One morning in February 1929, four boys, residents of St. Aemilian’s Orphan Asylum in St. Francis, were sorting cabbages in the cellar of the massive building. When this chore was completed they joined 170 other residents for a lunch of beans and sauerkraut. That morning, though, they found something more appetizing – a small paper bag containing what seemed to be sweet-tasting cookie crumbs.
By the afternoon of the following day, two of the boys, Philip Giganti, 13, and Joseph Djeska, 12, were dead. The other two, Frank Novakovich, 13, and his brother Paul, 12, were desperately ill. The orphanage’s staff physician, along with another doctor called in to assist, had no difficulty establishing the cause – arsenic poisoning.
Arsenic compounds are tasteless and in granular form can resemble sugar or flour. It is a naturally occurring metalloid with many uses. Dyes and paint pigments have been made from arsenic. It was also used in old fashioned fly papers, and in products to eliminate rats and mice.
Arsenic kills by interfering with enzyme-regulated metabolic processes within the body’s cells. In her book, “A is for Arsenic” (Bloomsbury Publishing, 2015), author Kathryn Harkup describes its effect on humans:
“Massive doses of arsenic … will produce symptoms of violent gastroenteritis, vomiting and intense stomach pain, along with copious amounts of watery or bloody diarrhea. Later the skin becomes cold and clammy, blood pressure drops and death comes from circulatory failure within hours.”
The nature of arsenic has been known for a long time. According to tradition, before Egyptian queen Cleopatra committed suicide she tested various poisons on her slaves. After witnessing the agonizing death of the slave who consumed arsenic, author Harkup noted, Cleopatra opted for snake venom.
For the coroner’s and sheriff’s department officers investigating the orphanage tragedy, the cause of the deaths was clear: the boys consumed rat poison. But who put it there?
Sister Superior Mary Amabilis looked into the matter. A few months previously, she learned, the orphanage had dealt with a rat problem in the basement but had used a phosphorous poison, not arsenic. Similarly, the supervisor of the orphanage farm said the poison used outdoors was both locked away and in a form safe for humans.
Arsenic, Sister Amabilis told the press, was simply not on the premises in any form – and never had been.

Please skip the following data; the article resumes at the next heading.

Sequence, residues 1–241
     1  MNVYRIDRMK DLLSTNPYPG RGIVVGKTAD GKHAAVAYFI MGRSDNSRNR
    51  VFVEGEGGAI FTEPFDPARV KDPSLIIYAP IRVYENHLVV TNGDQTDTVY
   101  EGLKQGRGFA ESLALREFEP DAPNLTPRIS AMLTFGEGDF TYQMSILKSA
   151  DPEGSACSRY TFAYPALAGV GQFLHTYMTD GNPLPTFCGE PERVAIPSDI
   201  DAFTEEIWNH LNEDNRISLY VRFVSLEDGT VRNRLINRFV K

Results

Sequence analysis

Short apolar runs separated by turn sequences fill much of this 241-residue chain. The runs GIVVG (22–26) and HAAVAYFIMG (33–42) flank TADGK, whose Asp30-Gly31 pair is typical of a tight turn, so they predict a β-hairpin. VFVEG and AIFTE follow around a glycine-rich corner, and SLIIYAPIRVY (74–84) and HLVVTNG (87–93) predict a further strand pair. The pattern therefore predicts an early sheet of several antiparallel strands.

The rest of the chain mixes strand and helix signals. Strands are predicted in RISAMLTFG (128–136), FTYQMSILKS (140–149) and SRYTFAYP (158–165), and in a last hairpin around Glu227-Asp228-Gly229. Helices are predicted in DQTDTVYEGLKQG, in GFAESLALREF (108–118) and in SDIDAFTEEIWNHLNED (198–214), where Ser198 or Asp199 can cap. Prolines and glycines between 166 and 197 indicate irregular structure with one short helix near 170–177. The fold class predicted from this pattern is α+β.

In the meantime, authorities searching the basement were strangely unable to find the paper bag, which one of the surviving boys said had been wadded up and tossed aside before they went upstairs for lunch. At the bottom of a vegetable bin, however, investigators found a few brown crumbs containing arsenic.
Since the boys said the substance was in the form of loose crumbs, authorities reasoned the bag of poison could not have been there long, for the dampness of the cellar would have soon turned it into a solid cake.
Authorities found no cause to suspect anyone on the staff of criminal intent, nor did they uncover any sign of careless or negligent handling of dangerous substances. Officially, the boys’ deaths were ruled accidental.
Three days after their fatal visit to the basement, joint funeral services were held at the orphanage chapel for Philip and Joseph. In his sermon before more than 100 orphans, the asylum’s workers, and relatives of the two victims, Father Joseph F. Kroha, the orphanage superintendent, described the boys’ demise as “a very sad event.”
According to the Feb. 25, 1929, Milwaukee Journal, the priest then launched into an angry denunciation of local newspapers, which had, he said, given the fatal poisoning of two children “undue publicity.” Publicity which was, he added, “salacious, scurrilous, and libelous filth thrown at a Catholic institution.” Rev. Kroha also suggested boys as old as these should have known better than to eat an unknown substance.
Philip Giganti and Joseph Djeska were laid to rest in a grassy field in the nearby cemetery of St. Francis Seminary. Their graves are not marked.
On May 22, 1930, just over a year after the poisoning, four people in an automobile driving past the orphanage at 1 a.m. spotted flames coming from the four-story brick and wood frame building.
The vehicle’s occupants roused the sleeping residents by throwing bricks through the building’s windows. The 26 nuns in residence reacted calmly and quickly, directing 183 boys – ranging in age from 4 to 15 – down fire escapes to safety. Not a single resident was injured. The massive structure was a total loss. The cause of the fire was never established.
The orphanage was not rebuilt. All that remains today are a pair of stone entry pillars south of the St. Francis Seminary drive.